In 1935, a really brainy guy came up with a thought experiment, which explores the concept of a creature simultaneously existing as both living and dead. Schrodinger developed the idea using hypothetical cats, but the theory can also extend to other organisms. In fact, over the last year and a half, the entire human population lived this paradox because at any given point any one of us could have, or not have, the Coronavirus. Even a negative test does not necessarily rule out a person because slow turn-around rates in medical labs sometimes prevent a person from finding out their results for several days. And while waiting for an answer they could (or could not) contract the disease. Only with a negative result does an individual know for sure where they stand with the virus. Using this concept, writer/directors Amir Ganjavie, Nasim Naghavi, and Alireza Kazemipour explore feelings of dread, frustration, and extreme isolation in the realm of a pandemic. Following a simple setting, small cast, and obeying all the pandemic restrictions, INTO SCHRODINGER’S BOX still delivers an engaging film that never makes it clear if the virus or people are the cause of Sophia’s mental decline.
The title of the film starts with the preposition INTO, meaning the characters (and audience) begin their descent once they enter ‘into’ the house. After a trip gets cut short due to COVID-restrictions, Sophia (Ada Shkalla) comes back to find her home suspiciously quiet and her husband in serious trouble. Collapsed on the floor while holding a bloody tissue and unable to breath, we see that Martin (Goeff Mays) needs help now! After taking Martin to the hospital with a suspected Covid diagnosis, Sophia gets the order to stay inside for the next two weeks and not to interact with anyone. Physical seclusion leaves Sophia in a quiet home with only her chores and the glow of her devices to keep her company. And even when she tries to reach out to her husband’s family, she encounters further isolation as the family blames her for Martin’s condition. So, during the day Sophia tries to live a normal life, but with each passing night, her shut-in surroundings become more sinister. Mysterious movements and shadowy figures now appear, but do they occupy the apartment? Or just Sophia’s mind?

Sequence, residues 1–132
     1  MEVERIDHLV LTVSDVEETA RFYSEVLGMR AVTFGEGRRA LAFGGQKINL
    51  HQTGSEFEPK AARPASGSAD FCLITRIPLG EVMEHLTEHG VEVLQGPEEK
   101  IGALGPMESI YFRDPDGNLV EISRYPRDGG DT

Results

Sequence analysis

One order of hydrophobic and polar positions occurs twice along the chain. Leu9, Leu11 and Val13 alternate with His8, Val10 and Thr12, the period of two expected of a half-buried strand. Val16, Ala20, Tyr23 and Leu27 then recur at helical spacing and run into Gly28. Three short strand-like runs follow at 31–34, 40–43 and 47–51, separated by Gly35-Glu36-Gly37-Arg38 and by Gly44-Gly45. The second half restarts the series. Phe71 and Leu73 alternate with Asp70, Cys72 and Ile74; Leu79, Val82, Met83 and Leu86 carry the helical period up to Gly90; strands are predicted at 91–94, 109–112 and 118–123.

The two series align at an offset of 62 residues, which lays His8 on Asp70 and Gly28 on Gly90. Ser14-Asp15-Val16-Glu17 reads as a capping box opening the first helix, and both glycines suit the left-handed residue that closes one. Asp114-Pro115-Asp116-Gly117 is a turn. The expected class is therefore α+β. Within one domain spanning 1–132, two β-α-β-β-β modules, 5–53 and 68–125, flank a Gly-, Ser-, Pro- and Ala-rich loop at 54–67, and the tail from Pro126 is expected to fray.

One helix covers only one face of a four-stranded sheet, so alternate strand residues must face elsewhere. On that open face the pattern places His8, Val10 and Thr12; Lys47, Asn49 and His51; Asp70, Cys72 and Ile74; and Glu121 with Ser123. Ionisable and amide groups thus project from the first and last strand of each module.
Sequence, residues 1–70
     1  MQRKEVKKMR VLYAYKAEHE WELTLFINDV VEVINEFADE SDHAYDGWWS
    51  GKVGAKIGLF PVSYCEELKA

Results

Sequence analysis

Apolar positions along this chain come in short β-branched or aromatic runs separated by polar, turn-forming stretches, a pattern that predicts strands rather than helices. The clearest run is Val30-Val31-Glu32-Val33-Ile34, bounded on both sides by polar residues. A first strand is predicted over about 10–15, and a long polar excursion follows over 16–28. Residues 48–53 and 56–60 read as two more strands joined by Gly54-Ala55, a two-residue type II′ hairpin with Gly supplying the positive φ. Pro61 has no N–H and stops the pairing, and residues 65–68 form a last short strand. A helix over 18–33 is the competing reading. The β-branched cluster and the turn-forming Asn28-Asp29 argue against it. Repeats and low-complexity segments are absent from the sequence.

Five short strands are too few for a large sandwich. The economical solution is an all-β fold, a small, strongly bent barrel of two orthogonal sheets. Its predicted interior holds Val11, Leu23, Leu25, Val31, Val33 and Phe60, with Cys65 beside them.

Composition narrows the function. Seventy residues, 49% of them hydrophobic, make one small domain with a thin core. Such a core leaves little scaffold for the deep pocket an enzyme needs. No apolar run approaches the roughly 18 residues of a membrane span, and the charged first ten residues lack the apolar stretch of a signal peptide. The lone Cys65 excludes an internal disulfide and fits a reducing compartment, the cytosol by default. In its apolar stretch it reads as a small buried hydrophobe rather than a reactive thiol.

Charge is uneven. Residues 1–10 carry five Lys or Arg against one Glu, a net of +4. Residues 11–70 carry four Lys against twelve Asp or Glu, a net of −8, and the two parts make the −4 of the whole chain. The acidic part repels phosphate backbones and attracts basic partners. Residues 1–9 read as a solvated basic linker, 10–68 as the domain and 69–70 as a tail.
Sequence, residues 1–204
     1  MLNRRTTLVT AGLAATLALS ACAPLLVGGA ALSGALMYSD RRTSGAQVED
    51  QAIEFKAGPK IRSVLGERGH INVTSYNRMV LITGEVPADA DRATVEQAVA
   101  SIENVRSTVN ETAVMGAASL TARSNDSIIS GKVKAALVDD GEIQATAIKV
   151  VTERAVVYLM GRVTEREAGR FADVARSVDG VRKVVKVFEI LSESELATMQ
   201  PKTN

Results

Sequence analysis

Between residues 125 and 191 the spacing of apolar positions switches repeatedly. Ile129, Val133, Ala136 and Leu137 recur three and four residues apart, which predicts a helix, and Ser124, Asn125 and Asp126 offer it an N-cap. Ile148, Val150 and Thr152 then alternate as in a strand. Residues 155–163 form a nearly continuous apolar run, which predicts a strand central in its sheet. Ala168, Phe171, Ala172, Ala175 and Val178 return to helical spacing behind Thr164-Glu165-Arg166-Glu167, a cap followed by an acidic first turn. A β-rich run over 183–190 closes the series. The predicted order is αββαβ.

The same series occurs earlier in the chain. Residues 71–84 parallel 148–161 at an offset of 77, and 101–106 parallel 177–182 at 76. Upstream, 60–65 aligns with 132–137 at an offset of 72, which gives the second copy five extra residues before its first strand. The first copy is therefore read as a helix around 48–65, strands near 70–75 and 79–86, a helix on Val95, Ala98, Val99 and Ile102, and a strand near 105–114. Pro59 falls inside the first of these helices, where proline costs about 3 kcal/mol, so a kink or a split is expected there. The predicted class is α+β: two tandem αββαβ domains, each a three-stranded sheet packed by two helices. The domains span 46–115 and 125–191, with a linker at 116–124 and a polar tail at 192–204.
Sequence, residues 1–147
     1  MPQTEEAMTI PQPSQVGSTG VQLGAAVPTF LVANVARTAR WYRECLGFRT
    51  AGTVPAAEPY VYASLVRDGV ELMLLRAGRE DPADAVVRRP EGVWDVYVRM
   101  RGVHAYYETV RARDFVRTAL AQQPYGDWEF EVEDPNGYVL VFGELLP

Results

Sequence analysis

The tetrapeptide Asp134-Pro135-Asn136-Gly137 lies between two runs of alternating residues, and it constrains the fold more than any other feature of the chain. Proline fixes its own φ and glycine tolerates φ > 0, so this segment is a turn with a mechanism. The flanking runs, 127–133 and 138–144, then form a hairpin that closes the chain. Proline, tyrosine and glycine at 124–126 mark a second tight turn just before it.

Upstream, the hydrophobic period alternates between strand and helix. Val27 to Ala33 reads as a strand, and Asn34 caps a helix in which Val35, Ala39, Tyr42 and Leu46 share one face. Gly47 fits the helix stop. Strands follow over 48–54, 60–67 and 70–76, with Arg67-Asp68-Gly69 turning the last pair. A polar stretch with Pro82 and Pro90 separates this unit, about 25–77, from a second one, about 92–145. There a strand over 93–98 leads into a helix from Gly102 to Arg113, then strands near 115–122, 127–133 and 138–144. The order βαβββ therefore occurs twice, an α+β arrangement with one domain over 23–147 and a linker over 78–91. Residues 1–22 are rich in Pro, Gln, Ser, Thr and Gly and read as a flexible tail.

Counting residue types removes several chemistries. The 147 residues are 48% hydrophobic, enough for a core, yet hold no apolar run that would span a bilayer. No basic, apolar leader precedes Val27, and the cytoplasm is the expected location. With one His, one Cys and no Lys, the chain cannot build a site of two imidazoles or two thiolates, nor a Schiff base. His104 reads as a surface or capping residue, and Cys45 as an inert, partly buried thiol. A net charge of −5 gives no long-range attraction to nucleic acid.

Much of the talk about the long-term effects of COVID focuses on the physical damage to the lungs and senses, but not as much attention falls on the mental and emotional turmoil which comes from isolation and the threat of sickness or death. With Sophia trapped in her house, she becomes Schrodinger’s famous cat. She calls every day to find out if her worsening mental and physical condition is attributed to COVID, but every day she gets no definitive answer. The thought experiment focuses on how the outcome to the cat’s dilemma becomes known once a viewer observes the animal, but even with the audience observing Sophia, we are not sure if she is mental or sane. Or even alive or dead. Gaining glimpses into Sophia’s house also adds a sense of voyeurism to the viewer’s experience. Instead of witnessing another person’s house through the pandemic-era peephole that is Zoom, we get full access to Sophia’s private domain.
Cinematographer Pedro Miguez embraces the shadows and plays with the sizes and shapes of the various rooms to keep the private sphere of the house small and entombing. When Sophia takes refuge in a cramped bathroom or runs up and down a narrow staircase, the tight spaces add to the claustrophobic feel of the apartment and the main character’s life. And, at the center of all these cramped spaces, we find Shkalla who does a good job portraying a slow disconnect from reality. Throughout the film she displays shock, sadness, paranoia, frustration, and fear, so we want to side with Sophia, and at the same time distrust the few supporting characters.
For an indie film made in very limiting circumstances, the directors and writers pack in a lot of psychological discord. Did the virus wreak havoc on Sophia’s mind? Does she experience some kind of mental break due to being alone? Or is she prey to an elaborate act of gaslighting? As the story unfolds in INTO SCHRODINGER’S BOX, the viewer feels the same sense of confusion because, like Sophia, we have no idea what exists and what doesn’t.